Nasdaq, the US technology index, is currently the measure of all things on international equity markets. While in many places listings are still in the process of recovering the losses suffered during the corona sell-off, the marketplace brought into being just under 50 years ago is hurrying from one record to the next. Nasdaq Inc., the company behind the technology stock exchange, is following its own, very different tune: since the start of 2017 there has been a woman, Adena Friedman, at the top of the group. That makes the MBA one of a rather rare group of people, given that in 2019 females occupied the driving seat of just 4.5% of the more than 1,600 companies contained in the MSCI® World Index. The low number of female CEOs is not by any means the only evidence of what is known as the gender gap, the term regarded as synonymous with the continuing lack of parity between the sexes.
Since 2006 the World Economic Forum (WEF) has been regularly analysing whether and to what extent women stand on an equal footing with men in society when it comes to education, health, politics and business. Although the 2020 issue of the organisation's "Global Gender Gap Report" notes a considerable discrepancy – according to the WEF it could take nearly a century until gender parity has been achieved – progress has still been made. Last autumn index operator MSCI put the management structure of its global benchmarks under the microscope. The analysis covered the 2,765 companies included in the MSCI® ACWI Index at that time. Unlike the better-known MSCI® World, emerging markets are also represented in this barometer. Every fifth directorship was held by a woman in 2019. Within two years the proportion of women had thus increased by around 2 percentage points. Indeed, in the MSCI® World Index one quarter of positions on boards were filled by female managers (see graph). According to J.P. Morgan, women are coming to the fore in unprecedented numbers. "Their representation is rising worldwide, with Europe taking the lead," writes the US bank in a research note.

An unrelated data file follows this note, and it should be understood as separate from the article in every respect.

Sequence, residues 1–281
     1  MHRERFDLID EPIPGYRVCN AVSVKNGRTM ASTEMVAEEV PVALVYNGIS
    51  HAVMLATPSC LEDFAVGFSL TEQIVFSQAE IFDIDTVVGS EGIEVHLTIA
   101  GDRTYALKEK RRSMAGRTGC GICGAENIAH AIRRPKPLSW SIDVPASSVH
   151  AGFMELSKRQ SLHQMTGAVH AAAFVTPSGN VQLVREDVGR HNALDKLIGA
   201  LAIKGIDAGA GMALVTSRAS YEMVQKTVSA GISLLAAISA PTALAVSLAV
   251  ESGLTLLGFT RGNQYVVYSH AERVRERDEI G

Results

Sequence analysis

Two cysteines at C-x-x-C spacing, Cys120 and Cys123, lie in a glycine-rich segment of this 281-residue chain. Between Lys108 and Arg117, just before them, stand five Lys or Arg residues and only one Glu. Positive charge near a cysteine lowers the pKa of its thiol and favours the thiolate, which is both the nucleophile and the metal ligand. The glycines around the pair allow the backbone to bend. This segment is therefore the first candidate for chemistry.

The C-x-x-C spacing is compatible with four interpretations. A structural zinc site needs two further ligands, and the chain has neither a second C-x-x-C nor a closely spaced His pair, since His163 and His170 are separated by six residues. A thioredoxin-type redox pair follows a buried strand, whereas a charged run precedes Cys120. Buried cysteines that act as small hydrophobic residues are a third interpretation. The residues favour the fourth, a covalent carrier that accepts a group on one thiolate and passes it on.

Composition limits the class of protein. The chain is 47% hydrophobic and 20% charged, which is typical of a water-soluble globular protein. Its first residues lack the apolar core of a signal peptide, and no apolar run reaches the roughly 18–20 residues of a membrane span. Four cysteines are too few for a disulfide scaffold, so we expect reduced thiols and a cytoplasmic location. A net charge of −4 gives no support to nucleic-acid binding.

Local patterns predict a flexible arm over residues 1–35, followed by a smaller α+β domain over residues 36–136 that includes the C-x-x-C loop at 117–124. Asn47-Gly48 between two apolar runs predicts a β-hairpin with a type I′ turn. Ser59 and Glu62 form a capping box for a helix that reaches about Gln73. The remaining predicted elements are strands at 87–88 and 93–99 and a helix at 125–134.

The European Union has put equality on its political agenda, with the EU itself setting a good example of this: since last December the EU Commission has been led by a woman, Ursula von der Leyen. "Gender equality is a core principle of the European Union, but it is not yet a reality," the German politician stated in March. Launching a strategy aimed at the 2020 to 2025 period, she wants both to address problems such as the widespread violence against women while at the same time encouraging parity of opportunity in professional life. In 2018 women in the EU earned just under 16% less than men. There has been only slow progress in this area over recent years (see graph). Alongside the pay ratio, Von der Leyen is also planning measures making it easier to reconcile work and private life as well as improving child support. She would additionally like to ensure a balance between the two genders in decision-making positions in both politics and business.
Companies should promote the influence of women not simply in order to take account of the ever-louder parity debate or in response to political pressure, but because having more women in power also stimulates economic success. According to the WEF, there is a correlation between the gender gap and the competitiveness of a company. Closing the gap can accordingly lead to an increase in earnings of more than 20%. Investors, too, should have pricked up their ears by now, if not before. This is all the more so given that ESG – environment, social and governance – aspects are making rapid advances on the stock market as stand-alone quality criteria. A focused search for "female" equities could therefore pay off twice over: it is in tune with the times and brings the opportunity of a greater return.